I started with a 59cm Steamroller frameset with flip-flop hubs laced to red Velocity rims. I do enjoy riding so I am using a freewheel not some hamstring tearing direct drive gear. Seriously when did not stopping become fun? To give the bike a Kent spin I put on gold Modolo non-aero brake levers, a silver carbon seatpost, Nuovo Record pedals with alloy toe clips and a Torelli Brooks knock-off saddle. It looks and weighs like a late 70’s early 80’s race bike but with a single gear. The fit and finish of the frameset is fine and the paint has a deep almost rich color to it. The bike is fun to ride and comfortably cruises over Fresno pock mark streets and screwed up Rail Road crossings with ease. The Steamroller is very stable and you can look over your shoulder for traffic without the bike darting in some unforeseen direction. The steering does not need too much input to change direction.
The downside is that the frame only has waterbottle cage bolts on the seat tube but not the down tube. Of course I do not need two waterbottles for my simple rides but I prefer the down tube location. Someday I will figure out the obvious reason as to why the cages are where they are.
If one wanted a comfortable riding very stable simple bike I would recommend the Surly Steamroller and yes Ted I am serious about this single speed bike thing and don't call me Shirley.
Wednesday, May 27, 2009
Saturday, May 2, 2009
Friday, March 13, 2009
Monday, March 9, 2009
Saturday, February 21, 2009
Lisa is getting a Lactate Threshold Test done.
She was a super trooper. All her training really paid off.
She will be heading out to do the Furnace Creek 508 in October.
Also, once that data has been collected, we can help maximize your time and effort by training you to realize your fullest potential. If you have questions please visit: http://www.pinnacletrainingsystems.com or come by Momentum and talk with Matt. We look forward to working with you.
Saturday, January 17, 2009
The French have always demanded a high level of quality when it comes to food. Ingredients need to be perfect. When cheap ingredients are used it results in a lesser end product. Us Americans have come to expect less from our cuisine than perfection. The evidence is in the mass amount of fast food that’s popped up everywhere. We don’t expect quality. The French, on the other hand, demand it, and it’s the reason why Le Cordon Bleu trains the best chefs in the world.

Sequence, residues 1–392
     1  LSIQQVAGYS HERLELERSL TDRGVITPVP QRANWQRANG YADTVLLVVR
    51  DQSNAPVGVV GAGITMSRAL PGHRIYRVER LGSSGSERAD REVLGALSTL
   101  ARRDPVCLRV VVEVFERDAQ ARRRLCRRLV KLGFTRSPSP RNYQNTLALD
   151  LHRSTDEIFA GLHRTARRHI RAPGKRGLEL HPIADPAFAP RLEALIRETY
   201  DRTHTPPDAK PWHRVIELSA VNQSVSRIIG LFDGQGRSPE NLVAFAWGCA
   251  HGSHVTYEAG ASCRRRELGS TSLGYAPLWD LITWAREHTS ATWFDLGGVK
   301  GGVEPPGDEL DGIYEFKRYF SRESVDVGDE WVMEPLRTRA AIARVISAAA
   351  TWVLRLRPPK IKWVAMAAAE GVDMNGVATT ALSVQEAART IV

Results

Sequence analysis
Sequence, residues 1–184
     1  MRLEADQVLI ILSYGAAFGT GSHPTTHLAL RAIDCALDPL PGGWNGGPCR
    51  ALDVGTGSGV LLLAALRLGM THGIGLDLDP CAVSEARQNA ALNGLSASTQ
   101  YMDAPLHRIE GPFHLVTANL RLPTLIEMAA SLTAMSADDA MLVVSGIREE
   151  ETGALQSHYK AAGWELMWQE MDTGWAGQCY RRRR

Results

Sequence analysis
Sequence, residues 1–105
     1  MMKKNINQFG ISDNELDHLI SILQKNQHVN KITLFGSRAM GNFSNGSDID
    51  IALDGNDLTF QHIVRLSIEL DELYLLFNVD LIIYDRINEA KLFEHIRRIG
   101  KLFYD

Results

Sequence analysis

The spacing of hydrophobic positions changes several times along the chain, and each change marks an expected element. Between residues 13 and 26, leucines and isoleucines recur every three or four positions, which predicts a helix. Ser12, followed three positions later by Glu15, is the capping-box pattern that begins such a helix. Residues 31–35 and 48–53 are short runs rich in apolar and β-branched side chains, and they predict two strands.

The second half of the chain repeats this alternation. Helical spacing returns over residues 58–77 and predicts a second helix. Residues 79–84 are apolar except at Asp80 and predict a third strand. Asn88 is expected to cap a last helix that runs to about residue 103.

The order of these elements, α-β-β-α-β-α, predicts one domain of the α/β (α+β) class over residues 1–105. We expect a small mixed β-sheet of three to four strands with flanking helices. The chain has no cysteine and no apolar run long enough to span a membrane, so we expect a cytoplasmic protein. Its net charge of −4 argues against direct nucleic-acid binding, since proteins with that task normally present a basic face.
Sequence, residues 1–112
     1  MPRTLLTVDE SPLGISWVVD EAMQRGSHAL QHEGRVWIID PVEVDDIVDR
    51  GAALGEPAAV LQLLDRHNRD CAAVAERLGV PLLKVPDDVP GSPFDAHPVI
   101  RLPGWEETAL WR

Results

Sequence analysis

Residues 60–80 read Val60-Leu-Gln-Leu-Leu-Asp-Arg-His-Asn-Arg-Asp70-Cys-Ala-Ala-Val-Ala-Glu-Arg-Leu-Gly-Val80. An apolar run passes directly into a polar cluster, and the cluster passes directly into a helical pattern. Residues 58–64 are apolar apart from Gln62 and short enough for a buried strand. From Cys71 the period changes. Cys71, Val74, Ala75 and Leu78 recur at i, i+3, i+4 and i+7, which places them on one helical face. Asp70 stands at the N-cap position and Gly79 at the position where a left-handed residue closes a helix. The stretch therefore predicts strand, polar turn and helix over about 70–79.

Time Bicycles is another example of perfection। Just as the French chef demands perfection from his ingredients, Time frame builders demand that same level of perfection from theirs. This is why Time invests a lot of money into manufacturing their own carbon fiber. Some of the most sought after bikes builders in the world buy their carbon fiber in bulk from the lowest bidder, and therefore quality control is not always consistent. That's not Time's story. They oversee their own quality control.
The Vibraser has some interesting qualities. One, it has in integrated seat mast but with a twist. If you decide you would rather have a Vibraser with a standard seat post, you simply cut the mast, and use the seat clamp with any 27.2 post of your choice. This works with any of Time's Translink frames.
Friday, January 16, 2009
This client opted to go with the Power Tap Pro+ wireless system. Its easy to use and a strong measurement of progress. Nothing will keep you honest like power, because a watt is a watt, no matter how you are feeling.
Mavic CXP 33 rims have become the industry standard for quality and reliability. I've used them for years and so have many of the riders in and around our area. I keep having to call Mavic back to re-up on our supply. They don't hang around very long.